Forgiving Yourself

Last week I had an uncomfortable interaction with a good friend. It wasn’t uncomfortable for her (in fact, I would venture to guess she suspects nothing was wrong at all.)

The discomfort was all in my head and my heart.

I was driving along, listening to the radio and the caller was asking for help with how to stage an intervention for her friend. She was desperately worried her friend’s addiction would kill her and she wanted to intervene.

What was she addicted to?

Food.

That’s right. She was addicted to something we cannot live without. She was ingesting something that is perfectly legal and necessary.

As I was listening to her friend plead her case as to why she should interject herself into this woman’s life my phone rang.

I turned off the radio and saw that it was a good friend of mine.

She had been listening to this radio show about how the caller wanted to save her friend’s life and she thought I should call in, since I had been in the woman’s shoes and lost so much weight and saved my life.

Wait, what?

I told my friend that she was sweet and I appreciate her thinking of me, but I wasn’t comfortable with calling in about something so personal and sharing it with all these people.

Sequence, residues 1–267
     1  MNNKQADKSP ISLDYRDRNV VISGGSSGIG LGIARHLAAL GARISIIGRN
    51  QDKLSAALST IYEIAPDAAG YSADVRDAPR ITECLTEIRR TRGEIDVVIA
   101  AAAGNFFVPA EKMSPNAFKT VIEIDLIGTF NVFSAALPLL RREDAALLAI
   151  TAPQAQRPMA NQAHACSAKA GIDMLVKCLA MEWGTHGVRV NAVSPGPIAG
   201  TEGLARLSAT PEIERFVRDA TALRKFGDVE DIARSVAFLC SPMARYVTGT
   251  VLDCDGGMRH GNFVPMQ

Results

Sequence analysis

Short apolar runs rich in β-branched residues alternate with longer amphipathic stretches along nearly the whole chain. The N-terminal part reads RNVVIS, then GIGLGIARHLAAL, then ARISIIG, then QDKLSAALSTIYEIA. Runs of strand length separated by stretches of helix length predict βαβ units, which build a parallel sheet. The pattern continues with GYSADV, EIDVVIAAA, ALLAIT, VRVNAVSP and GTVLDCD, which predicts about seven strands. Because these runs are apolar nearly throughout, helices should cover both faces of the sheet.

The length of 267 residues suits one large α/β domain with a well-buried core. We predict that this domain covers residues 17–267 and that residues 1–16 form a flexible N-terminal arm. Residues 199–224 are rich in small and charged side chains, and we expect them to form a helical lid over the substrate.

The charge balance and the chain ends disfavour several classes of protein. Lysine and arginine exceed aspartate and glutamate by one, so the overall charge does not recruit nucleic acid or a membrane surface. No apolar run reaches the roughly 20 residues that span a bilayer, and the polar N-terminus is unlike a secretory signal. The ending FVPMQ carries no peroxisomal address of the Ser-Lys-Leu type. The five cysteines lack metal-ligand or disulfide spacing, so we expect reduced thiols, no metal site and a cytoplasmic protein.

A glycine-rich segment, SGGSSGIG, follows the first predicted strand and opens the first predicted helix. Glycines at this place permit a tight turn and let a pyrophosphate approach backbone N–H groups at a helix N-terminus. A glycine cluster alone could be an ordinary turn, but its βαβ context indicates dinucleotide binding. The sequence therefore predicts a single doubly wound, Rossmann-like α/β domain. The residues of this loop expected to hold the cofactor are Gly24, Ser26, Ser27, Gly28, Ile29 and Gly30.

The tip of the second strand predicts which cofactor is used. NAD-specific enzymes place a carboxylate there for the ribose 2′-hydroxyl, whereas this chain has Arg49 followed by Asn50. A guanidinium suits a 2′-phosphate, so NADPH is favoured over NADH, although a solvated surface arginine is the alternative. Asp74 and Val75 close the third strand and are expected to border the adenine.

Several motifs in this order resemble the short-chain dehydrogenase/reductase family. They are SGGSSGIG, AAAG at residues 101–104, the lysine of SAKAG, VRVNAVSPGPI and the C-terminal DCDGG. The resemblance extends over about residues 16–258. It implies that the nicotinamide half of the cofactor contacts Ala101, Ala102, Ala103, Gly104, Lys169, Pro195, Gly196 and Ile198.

She told me I would be inspirational and that my story could help!

I declined.

When we hung up a couple minutes later I was left feeling, for lack of a better word, like garbage.

As I continued on to my destination (ironically I was headed to the gym) I thought back on my reaction. Why was I so upset? Shouldn’t I be proud and grateful for all the life change that had happened? Shouldn’t a natural response be to share that with others?

Maybe, but that’s not what was racing through my head.

I was ashamed that I had ever gotten so out of control that I would’ve been “that person” people wanted to intervene and save. I was embarrassed to admit that life had gotten that bad and that I was totally powerless (back to step one I go…) Who loses the weight of a whole person and is so distraught they forget about everything good that happened on the journey to health?

I guess me- I am that person.

Maybe this is what will be used to always keep me humble. I may never ever be healed by God- He may never take this thorn from my flesh and it may always be a daily battle, but that doesn’t make my struggle any different than anyone elses. I have no reason to be ashamed.

Context changes person to person , our need to be healed is universal.

So, while the time has passed for me to call in and share my story with the woman who just wants her friend to live, I can still share this message:

We all need love- from others but mostly from ourselves. We all walk a painfully hard road. Don’t tell her where to walk, but if you truly love her, never let her walk alone. Eventually she will need to see how loveable she is and how she can do things even if she’s afraid, and she needs you by her side. You probably need her for your journey just the same. Don’t let go.

Let’s hold hands and walk together. Unashamed. Grateful.

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